Stethoscope with heart


DALLAS — The high cost of health care in the United States is a difficult burden for many working class Americans. Yet the question of how to rectify the problem continues to carry heavy political and partisan baggage. As politicians and pundits seemingly debate endlessly on the subject, a disturbing new study finds that millions of Americans with heart disease are forgoing the medication they need to due its high cost.

In all, one in eight U.S. adults with a common heart disease or high likelihood of stroke skip taking their medications, put off filling prescriptions, or take lower daily doses than they should, all because of the ridiculously high prices associated with these medicines. Furthermore, it is three times more common for younger adults under the age of 65 to neglect their medicinal needs than older Americans covered under Medicare.

“The out-of-pocket cost of medications is a huge issue for millions of high-risk patients with cardiovascular diseases such as heart attacks, stroke, angina and other conditions. When faced with the expenses of taking lifesaving medications as prescribed or not taking them because they are too costly, many choose not to take them,” says study author Dr. Khurram Nasir, chief of the division of cardiovascular prevention and wellness and co-director of the Center for Outcomes Research at Houston Methodist DeBakey Heart & Vascular Center, in a release.

Failing to take prescribed medication as often as one should, classified as medication non-compliance, often leads to higher medical costs in the long-term due to an increased chance of emergency room care or hospitalization.

“While non-compliance has several causes, in recent years the rising share of health care costs paid directly by patients has become a concern. We wanted to understand the scope of medication non-compliance due to costs,” Dr. Nasir explains.

The research team analyzed survey responses from 14,279 adults collected via the the National Health Interview Survey between 2013 and 2017. The average respondent’s age was 65, and 44% were women. All included responses came from Americans who had been previously diagnosed with a heart disease, heart-related chest pain, or had experienced a heart attack or stroke.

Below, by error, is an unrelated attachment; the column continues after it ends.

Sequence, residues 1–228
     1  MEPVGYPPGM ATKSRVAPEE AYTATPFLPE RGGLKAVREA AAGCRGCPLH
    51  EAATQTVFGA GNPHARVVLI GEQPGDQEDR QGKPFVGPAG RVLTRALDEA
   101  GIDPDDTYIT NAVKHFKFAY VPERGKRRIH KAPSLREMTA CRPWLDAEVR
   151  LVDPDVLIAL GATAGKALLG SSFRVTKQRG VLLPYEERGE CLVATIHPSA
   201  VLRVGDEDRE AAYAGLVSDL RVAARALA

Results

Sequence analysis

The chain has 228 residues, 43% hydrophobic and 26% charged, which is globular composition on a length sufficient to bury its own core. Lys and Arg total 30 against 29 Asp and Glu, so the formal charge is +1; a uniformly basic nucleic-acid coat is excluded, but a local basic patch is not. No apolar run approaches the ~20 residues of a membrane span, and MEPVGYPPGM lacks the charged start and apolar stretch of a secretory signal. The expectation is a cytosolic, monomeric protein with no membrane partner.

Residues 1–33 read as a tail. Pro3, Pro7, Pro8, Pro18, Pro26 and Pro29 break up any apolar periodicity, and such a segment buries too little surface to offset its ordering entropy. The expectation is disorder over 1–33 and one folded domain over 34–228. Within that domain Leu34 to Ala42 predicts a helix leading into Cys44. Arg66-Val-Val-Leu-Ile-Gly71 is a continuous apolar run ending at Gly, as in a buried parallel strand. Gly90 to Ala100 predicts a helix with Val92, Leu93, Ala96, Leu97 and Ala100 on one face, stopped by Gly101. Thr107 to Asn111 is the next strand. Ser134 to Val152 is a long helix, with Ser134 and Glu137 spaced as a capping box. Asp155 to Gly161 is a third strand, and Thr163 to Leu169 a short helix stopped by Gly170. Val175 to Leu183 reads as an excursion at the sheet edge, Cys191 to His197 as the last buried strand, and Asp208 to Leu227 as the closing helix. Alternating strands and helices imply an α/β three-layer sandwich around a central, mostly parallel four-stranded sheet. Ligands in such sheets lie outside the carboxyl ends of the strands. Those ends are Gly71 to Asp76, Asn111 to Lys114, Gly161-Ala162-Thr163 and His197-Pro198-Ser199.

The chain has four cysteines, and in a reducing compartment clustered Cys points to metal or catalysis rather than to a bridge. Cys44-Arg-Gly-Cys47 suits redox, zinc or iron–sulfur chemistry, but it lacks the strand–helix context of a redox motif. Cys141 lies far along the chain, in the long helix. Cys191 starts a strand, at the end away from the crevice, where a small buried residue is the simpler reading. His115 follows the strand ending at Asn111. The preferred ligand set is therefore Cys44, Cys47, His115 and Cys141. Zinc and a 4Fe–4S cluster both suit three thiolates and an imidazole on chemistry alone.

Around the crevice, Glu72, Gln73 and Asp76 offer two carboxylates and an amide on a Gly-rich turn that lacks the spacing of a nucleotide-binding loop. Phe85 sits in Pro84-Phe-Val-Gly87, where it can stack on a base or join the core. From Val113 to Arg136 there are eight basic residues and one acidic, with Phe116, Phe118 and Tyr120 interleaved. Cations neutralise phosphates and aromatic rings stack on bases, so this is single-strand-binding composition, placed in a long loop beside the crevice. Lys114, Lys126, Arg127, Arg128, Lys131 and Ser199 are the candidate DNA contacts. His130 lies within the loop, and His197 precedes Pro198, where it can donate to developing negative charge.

After compiling all of their research, the study’s authors concluded that over the past year:

  • One in eight Americans (nearly 2.2 million nationwide) had not taken their medication as prescribed due to financial concerns.
  • Americans under 65 were much more likely (three times) to neglect their heart prescriptions; nearly one in five reported medication non-compliance.
  • Within that under 65 age group, women (one in four), people from low-income families (one in three), and those without any health insurance (over 50%) were the most likely demographics to report medication non-compliance.
  • Neither race, nor level of education, were found to have a significant influence on whether or not an individual adhered to their medication as prescribed.
  • Americans who reported not taking their medications as advised due to money concerns were 11 times more likely to ask about low-cost, cheaper medicine options, and nine times more likely to try alternative, non-prescription therapies in comparison to those who claimed money was not a big concern regarding their health care.

“Patients should not be afraid to speak with their health care provider if they are not able to afford a prescribed medication since there are many lower-cost generic drugs which might also be effective for their condition,” Dr. Nasir says.

The study did not, however, investigate the specific medications patients were being prescribed, or which were more likely to contribute to financial concerns.

“As health care providers, we should also consider advocating for changes in national health care policy, such as capping out-of-pocket expenses for low-income families. We also need to recognize that out-of-pocket medical costs may have a cumulative effect on a patient’s family who may also have difficulty paying for housing, transportation and food. Health care providers can play an active role in working with our local health system and community financial assistance support programs to provide financial assistance and resources to those who need it the most,” Dr. Nasir concludes.

The study is published in the scientific journal Circulation.

About John Anderer

Born blue in the face, John has been writing professionally for over a decade and covering the latest scientific research for StudyFinds since 2019. His work has been featured by Business Insider, Eat This Not That!, MSN, Ladders, and Yahoo!

Studies and abstracts can be confusing and awkwardly worded. He prides himself on making such content easy to read, understand, and apply to one’s everyday life.

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